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Identification

Themes and actions

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Team webmaster : François PELLEGRINO

  Distance between languages and dialects
  Distance between language and non-language
  Inter-speaker distance

Distance between languages and dialects


Language and dialect identification lies at the interface between the information sciences and technologies, linguistics, and the cognitive sciences. Our research is mainly concerned with two complementary aspects:

  • studying between-langage and between-dialect perceptual distance
  • modelling acoustico-phonetic and phonological cues for automatic identification purposes
The perceptual studies have a twofold goal: assessing the relevance of segmental and suprasegmental cues for language or dialect identification, and comparing the cognitive performances of human listeners with linguistic typologies and computer models. The aim here is to gain a better insight into how foreign languages are represented and what cognitive mechanisms are involved. The automatic identification part is concerned with developing models based on these cues (especially the suprasegmental ones) and integrating them into operational systems for automatic identification. Linguistic domains covered:
  • Afro-Asiatic languages (Contact : M. Barkat Defradas ; N. Louali)
  • European languages (Contact : F. Pellegrino)
  • Arabic dialects (Contact : M. Barkat Defradas ; R. Hamdi)
  • English dialects (Contact : E. Ferragne)

Structure and Dynamics of phonetic-phonological systems
 François PELLEGRINO , Egidio MARSICO
Phonetics, Phonology, Complex Adaptive Systems, Features, Databases
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Automatic identification
 François PELLEGRINO
automatic typology; language identification; Afro-asiatic languages; European languages; Arabic dialects; English dialects, prosodic modelling; rhythmic modelling
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Comparative Typology and corpus
 François PELLEGRINO , Naïma LOUALI , Mélissa BARKAT-DEFRADAS
comparative typology; afro-asiatic languages; european languages; arabic dialects; english dialects
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Distance between language and non-language


Human beings possess the ability to understand the meaning of utterances produced under a wide range of conditions that can be subsumed under two categories:

  • production (between- and within-speaker variability)
  • environment (spatial distance between speaker and hearer, background noise, telephone speech vs. direct conversation, etc.)
This ability relies on a succession of processing stages (from the peripheral auditory to the pragmatic and semantic processing) that are interconnected through bottom-up and top-down mechanisms. Reverse speech is a particularly drastic type of degraded speech signal; yet the linguistic content remains accessible under certain conditions. The experiments we are conducting are intended both to assess this intelligibility through perceptual experiments and to investigate the cerebral correlates of the cognitive processing involved. The study of these mechanisms will lead us to better comprehend how language is processed and to evaluate whether this processing is specific to speech sound and to what extent it applies to non-speech sounds. We will then be able to consider the potential bias introduced in experiments on functional brain imaging by using reverse speech as a control condition.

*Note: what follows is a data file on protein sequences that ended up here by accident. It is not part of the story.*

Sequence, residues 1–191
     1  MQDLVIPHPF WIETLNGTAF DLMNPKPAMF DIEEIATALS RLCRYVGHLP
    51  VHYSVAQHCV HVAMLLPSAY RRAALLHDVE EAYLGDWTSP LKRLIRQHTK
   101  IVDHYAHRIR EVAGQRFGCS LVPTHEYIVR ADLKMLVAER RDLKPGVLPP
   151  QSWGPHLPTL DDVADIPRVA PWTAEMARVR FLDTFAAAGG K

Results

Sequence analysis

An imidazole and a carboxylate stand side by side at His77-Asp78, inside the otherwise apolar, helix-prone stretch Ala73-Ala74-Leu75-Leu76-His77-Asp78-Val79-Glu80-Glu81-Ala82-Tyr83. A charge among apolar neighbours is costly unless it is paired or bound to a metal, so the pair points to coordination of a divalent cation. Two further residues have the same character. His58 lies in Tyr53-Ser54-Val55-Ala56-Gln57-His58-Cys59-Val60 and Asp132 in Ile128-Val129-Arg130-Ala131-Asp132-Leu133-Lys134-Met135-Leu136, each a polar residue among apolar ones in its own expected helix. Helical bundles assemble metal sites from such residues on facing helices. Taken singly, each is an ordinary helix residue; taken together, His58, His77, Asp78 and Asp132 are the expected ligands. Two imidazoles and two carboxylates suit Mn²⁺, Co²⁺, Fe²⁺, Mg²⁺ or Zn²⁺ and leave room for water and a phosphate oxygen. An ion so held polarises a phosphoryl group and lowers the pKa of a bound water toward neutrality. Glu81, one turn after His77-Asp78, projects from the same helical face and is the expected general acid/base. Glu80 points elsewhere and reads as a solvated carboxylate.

Evaluating the intelligibility of reverse speech
 Fanny MEUNIER , Mélissa BARKAT-DEFRADAS
Intelligibility; perception; reverse speech; degraded speech; cognitive reconstruction; perceptual experiments
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Searching for the cerebral correlates of reverse-speech processing
 Mélissa BARKAT-DEFRADAS , Fanny MEUNIER
Intelligibility; perception; reverse speech; degraded speech; cognitive reconstruction; perceptual experiments; Event-Related Potentials; ERP
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Inter-speaker distance


It is possible to extract several acoustic parameters from recordings of a given person's voice. These parameters are then used to build a model for this speaker and to compute a distance metric between various speakers. This distance is defined mathematically or empirically, and it does not necessarily correspond to perceptual distance. In the field of speaker identification, for instance, it should be noted that recordings of an unknown voice will by no means allow the researcher to infer the speaker's identity with absolute certainty. Although these techniques are highly controversial – especially when employed in a forensic context – they can be used for other purposes such as content-based document indexing, or as an access control for automatic client identification procedures.


Automatic audio document indexing
 Ivan MAGRIN-CHAGNOLLEAU
Audio indexing; speaker tracking; speaker segmentation; statistical modelling
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Automatic speaker identification
 Ivan MAGRIN-CHAGNOLLEAU
Automatic speaker recognition; speaker verification; speaker tracking; statistical modelling
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